Such incidents speak to Rudd's highly individualistic approach as prime minister. Avoiding or even ignoring his party's network of factions and cliques, Rudd became ever more distant from his own caucus and even his cabinet.
As he tried to push through with a highly-contentious tax on mining - a key Australian industry - the party's union supporters were outraged at a lack of consultation. Amid the internal turmoil, Gillard made her move.
Party insiders and some commentators are keen to put Swan's savage outburst into this context.
Gillard and her supporters were far too polite to Rudd following the coup, the thinking goes, despite reservations about the dangers of his isolationist style. As independent commentator David Marr wrote in the Sydney Morning Herald: 'No Kevin. This isn't a breakdown in civility. Your colleagues are at last telling us why you were sacked. And here the political is inescapably personal: you couldn't run the place.'
Certainly many outsiders who meet Rudd walk away scratching their heads. On the one hand, they describe a politician who is bright, engaged and on-the-ball.
Yet they also describe a pride and a pomposity that is never far from the surface. 'He has retained the air of the precocious schoolboy he undoubtedly once was,' one East Asian envoy noted after meeting Rudd as foreign minister. 'But he's no fool. He's certainly on top of his brief.'
Others ponder about his use of jarring, old-style phrases. For all his bookish and technocratic image, or perhaps because of it, Rudd loves to wallow in outdated Australian-isms.
A free-wheeling chat about the region in private might see Rudd offer guests 'a grog' before lurching into talk of the 'Chi-coms' - cold war-era speak for Chinese communists - 'Ruskies' and 'Yanks'. In public, he has been known to use 'Fair shake of the sauce bottle,' - a reference to the much-vaunted Aussie 'fair go'.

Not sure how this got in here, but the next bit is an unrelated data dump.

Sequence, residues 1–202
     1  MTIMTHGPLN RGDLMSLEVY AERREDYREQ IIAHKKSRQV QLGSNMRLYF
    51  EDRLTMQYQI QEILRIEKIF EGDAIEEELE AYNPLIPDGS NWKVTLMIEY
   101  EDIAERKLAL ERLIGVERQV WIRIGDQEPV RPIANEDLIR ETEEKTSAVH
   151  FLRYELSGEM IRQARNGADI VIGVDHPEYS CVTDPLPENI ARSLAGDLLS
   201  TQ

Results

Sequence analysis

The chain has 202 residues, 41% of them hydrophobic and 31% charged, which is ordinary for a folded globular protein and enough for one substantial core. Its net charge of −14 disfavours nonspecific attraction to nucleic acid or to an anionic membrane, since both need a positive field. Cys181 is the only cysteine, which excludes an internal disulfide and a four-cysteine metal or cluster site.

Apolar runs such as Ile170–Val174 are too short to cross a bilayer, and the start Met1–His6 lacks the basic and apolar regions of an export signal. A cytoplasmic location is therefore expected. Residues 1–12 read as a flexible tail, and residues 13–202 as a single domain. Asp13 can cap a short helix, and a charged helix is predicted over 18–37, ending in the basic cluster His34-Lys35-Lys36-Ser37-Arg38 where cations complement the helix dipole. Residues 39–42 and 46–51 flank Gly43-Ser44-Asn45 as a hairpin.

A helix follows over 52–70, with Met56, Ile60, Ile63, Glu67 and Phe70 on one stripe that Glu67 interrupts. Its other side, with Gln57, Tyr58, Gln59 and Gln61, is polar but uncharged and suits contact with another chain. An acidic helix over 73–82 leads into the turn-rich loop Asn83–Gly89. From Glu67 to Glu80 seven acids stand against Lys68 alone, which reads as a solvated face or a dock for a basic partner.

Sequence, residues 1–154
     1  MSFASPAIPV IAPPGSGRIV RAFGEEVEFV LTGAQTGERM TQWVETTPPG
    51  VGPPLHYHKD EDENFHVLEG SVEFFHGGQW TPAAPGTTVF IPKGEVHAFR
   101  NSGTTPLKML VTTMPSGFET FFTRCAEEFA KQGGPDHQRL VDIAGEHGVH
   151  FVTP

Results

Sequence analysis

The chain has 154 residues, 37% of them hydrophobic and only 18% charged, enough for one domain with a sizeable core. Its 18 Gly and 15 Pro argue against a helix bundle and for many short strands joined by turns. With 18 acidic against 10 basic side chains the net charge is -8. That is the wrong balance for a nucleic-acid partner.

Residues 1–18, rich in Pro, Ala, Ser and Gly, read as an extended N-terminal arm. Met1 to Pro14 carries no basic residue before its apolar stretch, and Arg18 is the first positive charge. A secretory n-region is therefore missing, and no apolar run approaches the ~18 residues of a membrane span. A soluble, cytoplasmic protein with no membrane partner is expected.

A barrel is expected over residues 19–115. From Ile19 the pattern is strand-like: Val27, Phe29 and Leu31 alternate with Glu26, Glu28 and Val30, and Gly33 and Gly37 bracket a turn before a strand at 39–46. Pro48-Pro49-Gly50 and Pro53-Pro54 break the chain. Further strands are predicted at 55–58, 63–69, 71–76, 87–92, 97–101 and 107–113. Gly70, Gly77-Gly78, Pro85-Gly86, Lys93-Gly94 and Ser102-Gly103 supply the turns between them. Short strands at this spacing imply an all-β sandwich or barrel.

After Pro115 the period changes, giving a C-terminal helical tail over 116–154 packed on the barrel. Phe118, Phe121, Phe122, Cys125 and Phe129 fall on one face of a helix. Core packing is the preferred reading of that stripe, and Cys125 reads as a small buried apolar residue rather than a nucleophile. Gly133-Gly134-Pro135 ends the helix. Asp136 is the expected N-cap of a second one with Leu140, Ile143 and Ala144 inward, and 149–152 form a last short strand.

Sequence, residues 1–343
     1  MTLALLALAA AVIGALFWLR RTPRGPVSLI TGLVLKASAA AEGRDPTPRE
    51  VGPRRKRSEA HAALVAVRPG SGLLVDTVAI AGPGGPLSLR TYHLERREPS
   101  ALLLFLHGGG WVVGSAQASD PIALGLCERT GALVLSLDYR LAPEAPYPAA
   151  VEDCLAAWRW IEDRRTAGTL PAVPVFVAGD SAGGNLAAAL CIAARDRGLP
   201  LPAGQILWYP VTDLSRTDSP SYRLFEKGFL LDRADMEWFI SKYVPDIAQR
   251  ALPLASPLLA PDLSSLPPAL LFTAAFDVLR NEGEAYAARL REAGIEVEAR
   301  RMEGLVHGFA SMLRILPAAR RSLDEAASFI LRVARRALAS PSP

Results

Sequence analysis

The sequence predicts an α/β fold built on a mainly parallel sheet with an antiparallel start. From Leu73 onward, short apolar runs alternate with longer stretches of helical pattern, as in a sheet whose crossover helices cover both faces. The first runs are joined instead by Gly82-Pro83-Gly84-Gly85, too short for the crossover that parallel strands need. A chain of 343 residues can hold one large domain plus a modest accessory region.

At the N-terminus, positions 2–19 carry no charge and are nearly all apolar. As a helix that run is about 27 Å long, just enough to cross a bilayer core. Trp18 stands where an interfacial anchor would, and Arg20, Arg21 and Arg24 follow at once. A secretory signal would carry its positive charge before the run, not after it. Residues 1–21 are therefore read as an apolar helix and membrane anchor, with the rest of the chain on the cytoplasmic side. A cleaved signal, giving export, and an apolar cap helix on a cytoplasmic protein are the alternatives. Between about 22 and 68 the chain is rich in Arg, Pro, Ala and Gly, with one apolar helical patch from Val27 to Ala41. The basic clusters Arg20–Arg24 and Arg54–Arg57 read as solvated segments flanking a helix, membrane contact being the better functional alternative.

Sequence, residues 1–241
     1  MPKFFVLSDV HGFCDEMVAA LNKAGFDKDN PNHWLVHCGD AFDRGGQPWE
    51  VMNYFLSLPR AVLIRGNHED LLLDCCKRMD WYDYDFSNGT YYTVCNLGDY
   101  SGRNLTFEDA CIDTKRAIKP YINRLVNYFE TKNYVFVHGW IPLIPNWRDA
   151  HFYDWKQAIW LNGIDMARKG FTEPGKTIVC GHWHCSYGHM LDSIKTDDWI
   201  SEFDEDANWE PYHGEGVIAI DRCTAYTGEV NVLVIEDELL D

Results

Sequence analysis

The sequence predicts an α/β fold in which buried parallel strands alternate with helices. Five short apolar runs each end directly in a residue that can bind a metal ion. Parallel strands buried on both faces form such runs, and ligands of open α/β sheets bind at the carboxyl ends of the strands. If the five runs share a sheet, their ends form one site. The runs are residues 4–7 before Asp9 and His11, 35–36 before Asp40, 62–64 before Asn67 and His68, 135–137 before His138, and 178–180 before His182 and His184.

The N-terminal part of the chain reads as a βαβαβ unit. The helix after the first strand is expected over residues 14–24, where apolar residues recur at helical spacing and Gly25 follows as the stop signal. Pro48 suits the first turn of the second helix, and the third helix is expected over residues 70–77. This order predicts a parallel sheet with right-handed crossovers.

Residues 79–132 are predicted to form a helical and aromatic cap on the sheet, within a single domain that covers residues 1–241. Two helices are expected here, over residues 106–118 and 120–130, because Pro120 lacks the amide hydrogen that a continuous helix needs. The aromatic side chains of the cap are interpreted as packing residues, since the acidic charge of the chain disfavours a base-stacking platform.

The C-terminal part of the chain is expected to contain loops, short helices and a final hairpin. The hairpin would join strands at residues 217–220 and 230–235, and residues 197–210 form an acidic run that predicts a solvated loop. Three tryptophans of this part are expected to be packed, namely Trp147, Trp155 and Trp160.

Yet a fair go is exactly what many voters believe Rudd hasn't had - and this will be a key feature of his plan of attack this weekend. While Gillard may have the votes of a majority of Labor MPs, Rudd is more popular with the public. And that is where the next election will be won.
As he formally announced his challenge on Friday, Rudd spoke of a lingering mandate. 'I want to finish the job that the Australian people wanted me to do - and I was elected by them,' he said before running through his successes, such as keeping the economy out of recession and the formal apology to indigenous Australians.
Pointing to numbers showing his period in government to be far more popular than Gillard's, he turned the argument to opposition leader Tony Abbott, reminding his party that he was the real enemy - and one who would have to be faced next year.
'This is the single most negative force in Australian politics - a person whose views lie right at the extreme,' he said of Abbott.
Rudd, too, has a compelling political story that continues to resonate with voters. His mother struggled after the death of his farmer father in Queensland - events that played a part in his political awakening.
He once described himself as a 'kid who lived [then-prime minister] Gough Whitlam's dream that every child should have a desk with a lamp on it where he or she could study.
'A kid whose mum told him after the 1972 election that it might just now be possible for the likes of him to go to university.
'A kid from the country of no particularly means and of no political pedigree who could therefore dream that one day he could make a contribution to our national political life.'
For all his success, Rudd's struggle is reaching its apex - the 'kid from the country' is now in the fight of his political life.